Tag Archives: Masaichi Kaneda

“Real records” talk mocks the truth

On Tuesday, Japan’s media said Munetaka Murakami’s 52nd home run tied him for second most in the race for the “record” by a Japanese person, which it isn’t. In the U.S., MLB network broadcast a panel discussing MLB’s “real home run records” and not Barry Bonds’ 73 home run season like MAGA Republicans discussing the 2020 presidential election Donald Trump lost.

In both cases, the answer is probably not outright racism or identity politics, but the need to promote already deserving story lines to make an even bigger splash, because reality and truth never seems enough anymore.

So, if there is no “record” within reach, why not manipulate the list of individual accomplishments by excluding some or adding others to make it a better story?

In Murakami’s case, Japan does both with ambiguous language to define players. Japan is secretive about its players’ citizenship, which it should be, because many players are Korean nationals, or have Korean heritage since Koreans are routinely discriminated against here.

The expression “Japanese player” tells us only that an athlete turned pro out of Japanese amateur ball, regardless of citizenship, or is a Japanese citizen.

This makes non-Japanese such as Taiwan’s Sadaharu Oh or the late Chen Ta-feng – known in Japan as Yasuaki Taiho – and longtime former Fighters and Giants outfielder Yang Dai-kang, and former Tigers outfielder Lin Wei-chu, “Japanese players” not because of citizenship or birthplace – although Oh was born in Japan – but because they played amateur ball here before turning pro.

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Leon and Bob’s wonderful wayback machine

As promised, here are the videos of last week’s live zoom chat featuring author Robert Whiting and former Japanese pro baseball star Leon Lee.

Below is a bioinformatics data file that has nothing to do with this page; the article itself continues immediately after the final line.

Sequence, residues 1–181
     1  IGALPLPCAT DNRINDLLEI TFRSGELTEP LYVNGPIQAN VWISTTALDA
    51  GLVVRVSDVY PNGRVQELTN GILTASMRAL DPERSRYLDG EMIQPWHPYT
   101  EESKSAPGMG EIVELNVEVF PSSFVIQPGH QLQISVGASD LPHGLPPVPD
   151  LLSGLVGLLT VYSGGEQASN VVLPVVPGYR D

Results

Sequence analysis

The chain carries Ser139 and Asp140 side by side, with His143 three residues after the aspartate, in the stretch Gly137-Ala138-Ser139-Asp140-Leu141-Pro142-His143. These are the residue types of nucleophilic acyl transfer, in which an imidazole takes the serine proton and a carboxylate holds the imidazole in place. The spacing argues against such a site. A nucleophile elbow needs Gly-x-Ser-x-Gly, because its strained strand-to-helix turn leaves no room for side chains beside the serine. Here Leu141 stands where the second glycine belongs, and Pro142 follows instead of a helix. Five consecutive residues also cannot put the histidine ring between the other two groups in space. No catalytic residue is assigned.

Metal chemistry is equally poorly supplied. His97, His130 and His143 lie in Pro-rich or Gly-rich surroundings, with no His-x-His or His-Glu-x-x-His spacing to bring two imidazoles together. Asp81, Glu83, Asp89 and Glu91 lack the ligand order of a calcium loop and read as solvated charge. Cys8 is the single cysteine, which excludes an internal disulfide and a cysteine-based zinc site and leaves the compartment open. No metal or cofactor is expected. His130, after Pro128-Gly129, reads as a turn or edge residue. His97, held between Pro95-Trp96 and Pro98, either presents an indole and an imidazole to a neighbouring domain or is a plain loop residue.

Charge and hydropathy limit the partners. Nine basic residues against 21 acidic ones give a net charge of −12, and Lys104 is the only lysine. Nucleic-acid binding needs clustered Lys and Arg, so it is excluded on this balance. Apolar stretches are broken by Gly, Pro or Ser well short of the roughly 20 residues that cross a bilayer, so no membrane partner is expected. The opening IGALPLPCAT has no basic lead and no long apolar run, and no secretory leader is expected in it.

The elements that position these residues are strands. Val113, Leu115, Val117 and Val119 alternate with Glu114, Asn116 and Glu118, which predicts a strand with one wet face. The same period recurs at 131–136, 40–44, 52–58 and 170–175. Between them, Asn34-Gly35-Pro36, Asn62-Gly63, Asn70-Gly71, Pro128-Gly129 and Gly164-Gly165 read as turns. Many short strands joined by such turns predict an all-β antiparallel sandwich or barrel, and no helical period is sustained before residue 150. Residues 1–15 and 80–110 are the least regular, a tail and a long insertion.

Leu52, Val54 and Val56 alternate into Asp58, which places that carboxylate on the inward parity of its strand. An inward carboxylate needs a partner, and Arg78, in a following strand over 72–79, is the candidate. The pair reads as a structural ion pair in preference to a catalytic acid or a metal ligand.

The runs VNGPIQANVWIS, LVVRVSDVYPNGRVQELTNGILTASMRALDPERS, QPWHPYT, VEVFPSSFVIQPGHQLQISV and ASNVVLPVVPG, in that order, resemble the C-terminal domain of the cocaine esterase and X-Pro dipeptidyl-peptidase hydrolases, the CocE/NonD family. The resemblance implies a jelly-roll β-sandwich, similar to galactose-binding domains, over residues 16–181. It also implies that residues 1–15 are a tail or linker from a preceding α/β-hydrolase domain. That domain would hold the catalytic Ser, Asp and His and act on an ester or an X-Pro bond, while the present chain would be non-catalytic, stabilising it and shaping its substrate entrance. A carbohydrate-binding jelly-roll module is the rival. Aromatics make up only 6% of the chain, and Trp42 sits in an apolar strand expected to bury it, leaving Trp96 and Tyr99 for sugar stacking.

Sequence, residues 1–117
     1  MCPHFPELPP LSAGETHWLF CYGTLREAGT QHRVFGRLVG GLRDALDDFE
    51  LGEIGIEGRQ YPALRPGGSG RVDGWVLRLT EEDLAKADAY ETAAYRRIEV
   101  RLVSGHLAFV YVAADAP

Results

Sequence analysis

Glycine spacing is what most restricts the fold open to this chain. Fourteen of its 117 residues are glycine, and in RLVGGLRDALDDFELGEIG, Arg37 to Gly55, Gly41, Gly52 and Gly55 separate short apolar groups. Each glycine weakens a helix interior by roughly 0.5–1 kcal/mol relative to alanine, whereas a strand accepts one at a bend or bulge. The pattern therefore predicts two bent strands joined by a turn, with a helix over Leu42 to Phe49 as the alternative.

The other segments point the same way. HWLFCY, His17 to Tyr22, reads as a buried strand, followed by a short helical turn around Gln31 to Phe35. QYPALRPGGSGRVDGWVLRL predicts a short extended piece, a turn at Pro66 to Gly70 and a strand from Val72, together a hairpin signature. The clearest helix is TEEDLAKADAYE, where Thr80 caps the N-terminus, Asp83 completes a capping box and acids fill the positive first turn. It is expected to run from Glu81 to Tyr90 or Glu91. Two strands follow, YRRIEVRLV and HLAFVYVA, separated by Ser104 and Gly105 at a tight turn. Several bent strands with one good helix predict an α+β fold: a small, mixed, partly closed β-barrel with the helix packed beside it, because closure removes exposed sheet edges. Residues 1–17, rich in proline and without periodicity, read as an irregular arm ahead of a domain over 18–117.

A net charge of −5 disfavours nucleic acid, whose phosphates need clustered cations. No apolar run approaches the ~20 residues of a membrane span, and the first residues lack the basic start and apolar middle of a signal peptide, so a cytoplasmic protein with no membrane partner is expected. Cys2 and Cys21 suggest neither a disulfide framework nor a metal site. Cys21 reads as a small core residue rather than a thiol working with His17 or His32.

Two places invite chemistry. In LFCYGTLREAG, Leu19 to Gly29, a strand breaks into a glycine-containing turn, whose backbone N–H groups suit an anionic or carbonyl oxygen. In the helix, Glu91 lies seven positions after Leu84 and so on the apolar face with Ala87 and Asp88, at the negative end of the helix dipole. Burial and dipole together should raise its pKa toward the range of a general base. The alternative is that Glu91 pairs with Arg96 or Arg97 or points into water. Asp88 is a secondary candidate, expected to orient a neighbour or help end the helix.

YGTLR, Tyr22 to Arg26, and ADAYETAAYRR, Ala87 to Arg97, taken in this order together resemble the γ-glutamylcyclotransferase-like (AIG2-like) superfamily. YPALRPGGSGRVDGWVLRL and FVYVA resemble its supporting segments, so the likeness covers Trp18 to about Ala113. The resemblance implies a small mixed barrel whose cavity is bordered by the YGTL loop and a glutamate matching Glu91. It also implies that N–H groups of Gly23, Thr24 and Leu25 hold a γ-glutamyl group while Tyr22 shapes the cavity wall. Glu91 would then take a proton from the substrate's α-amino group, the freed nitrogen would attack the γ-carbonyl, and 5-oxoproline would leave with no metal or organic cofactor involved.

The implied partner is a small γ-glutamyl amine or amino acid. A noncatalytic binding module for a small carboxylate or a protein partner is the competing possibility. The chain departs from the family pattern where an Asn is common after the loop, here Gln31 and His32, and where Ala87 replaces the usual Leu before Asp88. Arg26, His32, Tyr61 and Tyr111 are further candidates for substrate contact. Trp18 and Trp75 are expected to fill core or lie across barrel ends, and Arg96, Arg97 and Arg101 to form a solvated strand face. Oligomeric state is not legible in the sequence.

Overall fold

Bob was gracious enough to share more than an hour of his time, so I’ll add that you can now pre-order his memoir “Tokyo Junkie.” I haven’t read it but I’m sure it will be a page turner. Bob is a master story teller who saw all of Tokyo from its seedy early 60s glory to its slicker, more polished facade of today.

Bob’s 1st game

So where did the Robert Whiting phenomenon as a baseball icon begin? I’ve pegged that date down to July 17, 1962, when Oh and Nagashima each homered in both games of a doubleheader at Tokyo’s Korakuen Stadium, with a crowd

Leon Lee on the WBC

On Ichiro Suzuki

More about Ichiro as a class act

Sibling rival Lees

Leon was asked about playing as a teammate with his older brother Leron during their time with the Lotte Orions, and we learn about their one fight.

The “gaijin strike zone”

You’ve all head about it, but Leon said a veteran Central League umpire, the late Kiyoshi Hirako, explained the strike zone to him. I mention Hirako, who retired in 1992. Because he’s famous for misjudging a ball off the center-field wall at Koshien Stadium as a game-tying home run on Sept. 11 of that year, that resulted in a 6-hour, 26-minute, 15-inning game between the Swallows and Tigers.

How Ichiro got into the WBC

OK, so this is my story, but we were on the topic of Sadaharu Oh, Ichiro and the WBC, my apologies to those who’ve heard it before.


I wrote a while back about how Japan’s quality-control-is-in-our-blood nonsense that was pedaled around the world in the 1980s to explain Japan’s economic “miracle” seemed to infect baseball, and so I asked Bob if he knew more about it. The article was really about why pitchers batting eighth, once a fairly common practice in Japan was eradicated in the 1970s.

Since the chat, I had a back-and-forth with Bob about how often the old Giants bunted and I’ve written about that, too.

Practice makes more practice

Bob talks about Japan’s passion for practice

Bob Horner in Japan

Lee had the pleasure of being Bob Horner’s teammate with the Yakult Swallows for one year, and he spills on some of the memorable highlights of that season.

Discipline in Japanese baseball